Ancient Water Systems – A Brief History Of The Water Main – Lowell CorpLowell Corporation
The “Known” Beginning
The first known underground water mains were constructed by the ancient Minoan civilization in approximately 2200 and 1400 BC. Made from terracotta, these mains supplied water to the Palace of Knossos. The ancient Minoans were far ahead of their time, as they had flushing toilets, sewer piping and drainage, and even methods to collect rainwater. For their civilization’s level of advancement, the water mains of Knossos were well over 1,000 years ahead of their time. The next notable evidence of any other water mains was not until the time of the Roman Empire between 312 BC and 500 AD.
The Romans were pioneers of engineering. They invented concrete, which allowed for great advancements in the construction of bridges and roads, as well as their famous aqueducts. The aqueducts were an amazing engineering accomplishment, using gravity to transport water from the outer reaches of the city. Within the Roman Empire, the wealthiest of homes would have a basic water main system to pump water directly into their homes. These very early home water mains were constructed using hollow logs or stone that had been drilled through. Eventually, the Romans had upgraded to lead piping, which some have argued was one of the factors that contributed to the fall of Rome.
The next major chapter in water main history was the reintroduction of wooden pipes in 16th and 17th century Europe, as well as in 18th and 19th century North America. Wooden pipes had some major issues such as rotting and attracting bugs. This was an economical choice, and in some cases was the only materials available at hand. Some remnants of the wooden piping are still being discovered to this day in places like Boston, Massachusetts.
Following the wooden pipes came lead pipes in the 1800s due, in part, to their low cost and durability. It would later be confirmed that the lead water mains were causing an outbreak of lead poisoning, and by the 1920s there were many cities that were outlawing the use of lead pipelines to transport drinking water.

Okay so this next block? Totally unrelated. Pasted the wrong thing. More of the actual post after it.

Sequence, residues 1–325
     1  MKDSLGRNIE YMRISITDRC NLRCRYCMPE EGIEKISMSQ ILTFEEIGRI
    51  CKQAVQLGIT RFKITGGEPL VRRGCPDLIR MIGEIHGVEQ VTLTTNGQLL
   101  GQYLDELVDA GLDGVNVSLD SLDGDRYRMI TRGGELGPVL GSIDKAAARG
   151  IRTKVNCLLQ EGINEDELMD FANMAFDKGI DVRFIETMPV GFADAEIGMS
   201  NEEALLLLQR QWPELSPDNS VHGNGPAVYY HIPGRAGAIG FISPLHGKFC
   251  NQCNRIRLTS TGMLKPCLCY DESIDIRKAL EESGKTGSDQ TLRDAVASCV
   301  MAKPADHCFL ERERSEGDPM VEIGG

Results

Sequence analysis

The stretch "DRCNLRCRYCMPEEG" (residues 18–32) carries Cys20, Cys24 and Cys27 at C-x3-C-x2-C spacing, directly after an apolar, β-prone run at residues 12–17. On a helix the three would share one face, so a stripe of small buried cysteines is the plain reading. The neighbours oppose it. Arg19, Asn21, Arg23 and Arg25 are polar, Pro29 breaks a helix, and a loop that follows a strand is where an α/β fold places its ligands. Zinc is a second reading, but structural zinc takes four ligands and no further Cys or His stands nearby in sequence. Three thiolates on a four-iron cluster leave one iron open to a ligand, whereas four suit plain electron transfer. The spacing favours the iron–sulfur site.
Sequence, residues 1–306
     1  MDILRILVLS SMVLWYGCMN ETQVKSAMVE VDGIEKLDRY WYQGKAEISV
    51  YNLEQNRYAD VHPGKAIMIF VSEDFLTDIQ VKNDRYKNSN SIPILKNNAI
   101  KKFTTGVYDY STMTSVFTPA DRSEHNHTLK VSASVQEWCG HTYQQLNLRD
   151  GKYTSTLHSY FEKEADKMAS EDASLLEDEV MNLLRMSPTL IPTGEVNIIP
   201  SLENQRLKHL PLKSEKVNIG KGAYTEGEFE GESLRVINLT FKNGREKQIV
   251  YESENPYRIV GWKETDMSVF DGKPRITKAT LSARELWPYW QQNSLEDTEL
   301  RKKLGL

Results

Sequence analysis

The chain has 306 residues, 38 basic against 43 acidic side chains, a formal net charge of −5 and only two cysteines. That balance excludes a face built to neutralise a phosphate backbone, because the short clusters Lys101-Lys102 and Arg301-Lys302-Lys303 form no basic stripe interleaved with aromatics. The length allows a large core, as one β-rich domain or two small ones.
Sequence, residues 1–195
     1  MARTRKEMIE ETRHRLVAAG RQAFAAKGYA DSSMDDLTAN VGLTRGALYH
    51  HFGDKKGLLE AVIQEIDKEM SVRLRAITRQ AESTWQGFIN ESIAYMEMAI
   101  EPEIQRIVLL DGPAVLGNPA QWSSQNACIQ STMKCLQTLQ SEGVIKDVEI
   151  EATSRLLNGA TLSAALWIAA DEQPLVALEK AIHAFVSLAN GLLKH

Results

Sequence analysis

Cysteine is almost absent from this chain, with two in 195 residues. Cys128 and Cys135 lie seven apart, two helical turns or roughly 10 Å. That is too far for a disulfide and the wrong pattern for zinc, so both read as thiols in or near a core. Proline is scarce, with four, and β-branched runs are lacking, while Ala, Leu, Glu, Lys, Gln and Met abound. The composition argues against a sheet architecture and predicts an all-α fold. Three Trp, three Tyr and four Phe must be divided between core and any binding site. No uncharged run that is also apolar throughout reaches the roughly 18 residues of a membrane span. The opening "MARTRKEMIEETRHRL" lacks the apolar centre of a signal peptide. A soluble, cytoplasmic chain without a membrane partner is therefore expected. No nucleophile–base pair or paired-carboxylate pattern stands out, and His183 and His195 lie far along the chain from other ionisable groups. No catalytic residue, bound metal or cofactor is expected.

With the outbreak of lead poisoning caused by the widespread use of lead piping, it was time for a change. Cast iron piping was the next improvement, taking place in the early 1900s to replace the lead water mains. The use of cast iron pipes was first documented in Germany around 1455. Cast iron pipes offered increased strength, as well as a safe way to transport drinking water, uncontaminated. Advancements in materials led to advancements in pipeline tools as well, such as the strap wrench, valve wheel wrench, and pipe wrench. Many cities along the east coast of the United States still have cast iron pipes, and they have been in use for well over a century. Cast iron piping has a life expectancy of approximately 75 to 125 years, and thus many of the pipes are nearing the end of their use and will ultimately need to be replaced.
One of the more important inventions in our modern era was the creation of ductile iron in 1948. Having first been commercially implemented in 1955, ductile iron is still in use today and has the life span of cast iron with the promise of increased flexibility and strength.
For all its strengths, ductile iron still corrodes over time and needs to be replaced. This led to the introduction of polyvinyl chloride plastic pipe, more commonly known as PVC piping. Even though it was invented in the 1860s, PVC didn’t really come into widespread use until the 1950s. With its ease of use and high corrosion resistance, it remains one of the most commonly used supply line materials today.